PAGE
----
Community · WA
The design relied on steel to achieve the stunning roofline, which connects the proportional volumes of the various interior spaces in a beautiful serpentine line traced by a roof made from ZINCALUME® steel.
Words: Micky Pinkerton.
Photography: Brett Boardman
Community · NSW
Now numbering more than a thousand across the country, academic articles have been written trying to define exactly what a neighbourhood centre is. The most perceptive of these states that the question is actually redundant, as each centre continues to shape and re-shape itself, to become “something more besides” and concludes by asking whether a better question might be: “What can a neighbourhood centre become?1”.
It’s a question that Carter Williamson has thoroughly embraced and explored in this inspiring project, deep in Sydney’s western suburbs, a stone’s throw from Blacktown. Woodcroft is a small 1990s housing development on an old brownfield site. Both timber and brick are used in the building’s material palette in reference to the site’s history, but it’s the ZINCALUME® steel roof building material which really captures the imagination and provides the centre with the requisite ‘something’ and a whole lot more besides.
The striking roof concept evolved from a simple brief, which required a range of flexible spaces to accommodate the centre’s different groups and activities: smaller rooms for one-to-one meetings, a seminar space for up to twenty people, a large hall for more significant events. In short, the roofline reflects the different volumes of the interior spaces.
“We looked at each space through the idea of the golden mean – the idea of perfect proportion,” explains architect Shaun Carter. “We wanted the roof to hold and shape the right proportions for each of the spaces that sat underneath it. So we started working out what heights those rooms needed to be, to be proportionally correct.
Diagrammatically we had these spaces popping up at different heights, and when we traced over these volumes it started to describe this lovely serpentine curve.”
The ZINCALUME® steel roof is clearly the significant element of the design, although its curved structure generated equally significant challenges. The curves undulate east to west, while the fall of the roof is south to north, requiring some sophisticated 3D modelling to resolve every junction.
Even with models, steel fabrication and installation teams were faced with layers of complexity, with the curvature of the structure meaning each individual curve worked to a different radius.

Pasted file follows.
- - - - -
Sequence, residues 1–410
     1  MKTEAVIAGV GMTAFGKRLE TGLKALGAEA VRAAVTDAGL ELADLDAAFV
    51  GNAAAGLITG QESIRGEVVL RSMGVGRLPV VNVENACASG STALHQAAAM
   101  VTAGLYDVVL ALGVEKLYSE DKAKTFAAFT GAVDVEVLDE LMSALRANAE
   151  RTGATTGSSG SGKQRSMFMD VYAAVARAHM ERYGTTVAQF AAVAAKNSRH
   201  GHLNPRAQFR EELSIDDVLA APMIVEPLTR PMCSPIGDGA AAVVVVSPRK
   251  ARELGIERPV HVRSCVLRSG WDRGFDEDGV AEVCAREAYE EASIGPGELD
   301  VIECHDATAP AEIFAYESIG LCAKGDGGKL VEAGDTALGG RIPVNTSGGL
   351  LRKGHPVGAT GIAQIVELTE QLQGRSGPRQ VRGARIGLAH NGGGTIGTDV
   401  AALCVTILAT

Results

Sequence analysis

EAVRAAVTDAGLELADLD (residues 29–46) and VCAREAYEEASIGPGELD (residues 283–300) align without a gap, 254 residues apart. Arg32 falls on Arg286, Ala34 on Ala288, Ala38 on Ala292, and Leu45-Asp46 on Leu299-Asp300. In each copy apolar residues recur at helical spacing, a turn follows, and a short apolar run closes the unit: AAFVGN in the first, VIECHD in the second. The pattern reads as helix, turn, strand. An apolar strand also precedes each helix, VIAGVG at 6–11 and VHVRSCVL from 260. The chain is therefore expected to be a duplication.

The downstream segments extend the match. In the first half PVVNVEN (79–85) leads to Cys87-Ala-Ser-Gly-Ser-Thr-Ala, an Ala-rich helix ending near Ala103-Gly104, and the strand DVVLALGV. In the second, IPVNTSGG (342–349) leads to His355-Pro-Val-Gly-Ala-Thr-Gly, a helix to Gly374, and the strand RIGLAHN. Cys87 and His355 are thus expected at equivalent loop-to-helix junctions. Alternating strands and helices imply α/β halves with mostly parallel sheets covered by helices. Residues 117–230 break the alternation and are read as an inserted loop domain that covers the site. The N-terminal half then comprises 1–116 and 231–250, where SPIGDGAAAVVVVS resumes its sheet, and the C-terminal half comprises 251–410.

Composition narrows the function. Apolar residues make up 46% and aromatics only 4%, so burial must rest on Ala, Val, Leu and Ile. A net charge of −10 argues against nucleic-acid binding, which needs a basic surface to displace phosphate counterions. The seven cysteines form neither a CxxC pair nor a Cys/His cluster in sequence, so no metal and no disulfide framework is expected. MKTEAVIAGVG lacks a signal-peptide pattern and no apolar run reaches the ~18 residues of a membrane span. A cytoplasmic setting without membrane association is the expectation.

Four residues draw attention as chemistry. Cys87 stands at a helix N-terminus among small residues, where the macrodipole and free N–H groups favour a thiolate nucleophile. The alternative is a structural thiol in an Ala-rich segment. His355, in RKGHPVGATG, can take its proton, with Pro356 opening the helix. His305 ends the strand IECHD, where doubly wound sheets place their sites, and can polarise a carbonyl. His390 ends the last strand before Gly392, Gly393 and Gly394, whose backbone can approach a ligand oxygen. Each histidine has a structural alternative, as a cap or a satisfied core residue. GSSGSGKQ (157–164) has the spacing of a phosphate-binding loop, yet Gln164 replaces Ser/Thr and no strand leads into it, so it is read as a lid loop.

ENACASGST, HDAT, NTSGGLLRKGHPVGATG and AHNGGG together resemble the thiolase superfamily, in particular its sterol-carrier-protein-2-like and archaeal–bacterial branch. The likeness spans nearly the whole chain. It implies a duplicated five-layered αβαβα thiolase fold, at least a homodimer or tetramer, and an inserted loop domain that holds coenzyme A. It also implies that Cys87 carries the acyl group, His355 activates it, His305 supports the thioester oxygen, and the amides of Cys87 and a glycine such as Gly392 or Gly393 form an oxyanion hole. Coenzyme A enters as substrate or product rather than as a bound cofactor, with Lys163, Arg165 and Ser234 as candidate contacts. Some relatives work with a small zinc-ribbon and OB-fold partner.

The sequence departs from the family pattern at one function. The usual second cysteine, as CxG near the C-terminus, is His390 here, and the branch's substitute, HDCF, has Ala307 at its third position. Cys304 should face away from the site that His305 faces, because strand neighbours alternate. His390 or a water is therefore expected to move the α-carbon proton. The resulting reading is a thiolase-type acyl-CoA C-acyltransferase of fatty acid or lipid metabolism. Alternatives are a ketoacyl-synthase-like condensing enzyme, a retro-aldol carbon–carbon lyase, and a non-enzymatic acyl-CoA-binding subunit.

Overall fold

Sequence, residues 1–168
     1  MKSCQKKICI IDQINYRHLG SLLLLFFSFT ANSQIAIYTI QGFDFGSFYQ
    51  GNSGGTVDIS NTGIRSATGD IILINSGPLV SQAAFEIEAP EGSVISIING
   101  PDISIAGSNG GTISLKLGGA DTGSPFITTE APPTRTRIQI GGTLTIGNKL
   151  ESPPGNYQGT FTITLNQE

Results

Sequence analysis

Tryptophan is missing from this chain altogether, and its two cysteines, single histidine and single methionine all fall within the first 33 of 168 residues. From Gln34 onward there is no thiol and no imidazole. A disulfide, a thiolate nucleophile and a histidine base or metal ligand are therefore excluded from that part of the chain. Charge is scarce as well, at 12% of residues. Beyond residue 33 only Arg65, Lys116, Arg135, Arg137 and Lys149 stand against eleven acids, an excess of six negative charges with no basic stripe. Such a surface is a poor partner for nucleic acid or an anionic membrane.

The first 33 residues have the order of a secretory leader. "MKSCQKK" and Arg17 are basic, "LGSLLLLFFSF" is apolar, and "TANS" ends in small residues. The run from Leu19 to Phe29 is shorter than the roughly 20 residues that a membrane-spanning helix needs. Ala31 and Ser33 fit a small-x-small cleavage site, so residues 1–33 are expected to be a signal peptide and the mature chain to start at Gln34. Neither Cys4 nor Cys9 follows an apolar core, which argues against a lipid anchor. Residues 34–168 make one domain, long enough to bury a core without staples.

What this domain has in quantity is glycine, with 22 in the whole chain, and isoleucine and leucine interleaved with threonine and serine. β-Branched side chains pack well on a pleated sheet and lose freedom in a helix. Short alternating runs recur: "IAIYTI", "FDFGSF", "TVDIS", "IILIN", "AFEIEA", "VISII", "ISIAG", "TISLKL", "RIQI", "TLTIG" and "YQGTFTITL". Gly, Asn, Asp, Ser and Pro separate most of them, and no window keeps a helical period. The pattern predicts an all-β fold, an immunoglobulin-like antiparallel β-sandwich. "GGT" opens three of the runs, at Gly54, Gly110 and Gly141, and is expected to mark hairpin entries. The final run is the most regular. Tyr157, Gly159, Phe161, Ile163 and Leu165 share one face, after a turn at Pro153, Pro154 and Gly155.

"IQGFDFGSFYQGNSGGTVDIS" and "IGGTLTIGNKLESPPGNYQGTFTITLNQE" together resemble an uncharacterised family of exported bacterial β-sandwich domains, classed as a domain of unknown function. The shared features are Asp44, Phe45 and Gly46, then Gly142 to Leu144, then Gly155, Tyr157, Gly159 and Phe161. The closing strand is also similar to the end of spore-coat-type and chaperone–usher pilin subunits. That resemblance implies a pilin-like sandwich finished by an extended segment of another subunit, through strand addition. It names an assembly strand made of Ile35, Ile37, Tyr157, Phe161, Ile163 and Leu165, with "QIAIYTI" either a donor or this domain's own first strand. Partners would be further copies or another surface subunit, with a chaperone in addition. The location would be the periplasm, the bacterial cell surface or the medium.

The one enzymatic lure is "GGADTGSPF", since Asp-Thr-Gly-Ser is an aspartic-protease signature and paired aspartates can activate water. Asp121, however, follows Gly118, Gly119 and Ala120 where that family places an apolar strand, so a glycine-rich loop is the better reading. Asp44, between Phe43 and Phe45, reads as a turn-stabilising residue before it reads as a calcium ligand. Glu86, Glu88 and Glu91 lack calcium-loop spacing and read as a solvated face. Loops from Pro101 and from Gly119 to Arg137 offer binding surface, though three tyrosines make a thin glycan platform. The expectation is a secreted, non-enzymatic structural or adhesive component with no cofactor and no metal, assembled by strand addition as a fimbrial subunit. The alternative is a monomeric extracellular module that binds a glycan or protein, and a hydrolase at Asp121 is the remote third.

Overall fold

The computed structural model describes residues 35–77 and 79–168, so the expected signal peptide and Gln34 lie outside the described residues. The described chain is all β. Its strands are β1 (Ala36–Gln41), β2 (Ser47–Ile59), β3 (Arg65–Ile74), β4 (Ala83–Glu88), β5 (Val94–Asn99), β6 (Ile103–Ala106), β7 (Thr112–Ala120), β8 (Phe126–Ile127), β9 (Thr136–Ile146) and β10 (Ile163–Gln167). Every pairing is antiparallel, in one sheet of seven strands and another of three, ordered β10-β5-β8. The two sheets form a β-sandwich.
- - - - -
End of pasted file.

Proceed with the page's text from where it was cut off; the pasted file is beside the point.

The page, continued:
Addressing this, ZINCALUME® steel sheets were individually rolled on site into the profile Fielders FreeForm®, ensuring the roof’s architectural requirements were met without compromising the quality and performance of the roof over time. Using a mobile rolling mill, the on-site team could produce precise roofing lengths and reduce the need for seams and expansion joints in the finished roof.
“It’s extraordinarily complex and the only material we could see that could do that in a durable, tough, cost-effective, beautiful way was a steel roofing solution,” says Carter Williamson associate Ben Peake. “The ZINCALUME® steel was able to handle the complexity of a roof that had to bend in three axes – with all of the surfaces being warped surfaces.”
More than just a performance choice, the ZINCALUME® steel also represents an aesthetic reference to the industrial history of the site.
“Carter Williamson has a long history of specifying ZINCALUME® steel in our work. It’s a familiar and well-known material, but used at Woodcroft in an interesting way”Ben Peake Associate, Carter Williamson Architects
As well as being key to the roof’s success, steel was also integral to the construction of the building, with Circular Hollow Sections (CHS), Rectangular Hollow Sections (RHS) and Square Hollow Sections (SHS) framing the roof.
While Carter is an advocate for the fifth façade, he hasn’t forgotten that a roof’s undercarriage is what is actually visible for those beneath it, and the tapered ends of the thin steel finger elements in 8mm thick steel plate of this impressive skeleton structure peek out from generous timber soffits.
This follows an approach to the project which puts materials on display, with steel, brick, timber and concrete all left exposed. In a space required to be left relatively bare, the interplay of materials creates a dialogue of layered textures and finishes which brings a warmth to the centre and explores the layers of construction and creation.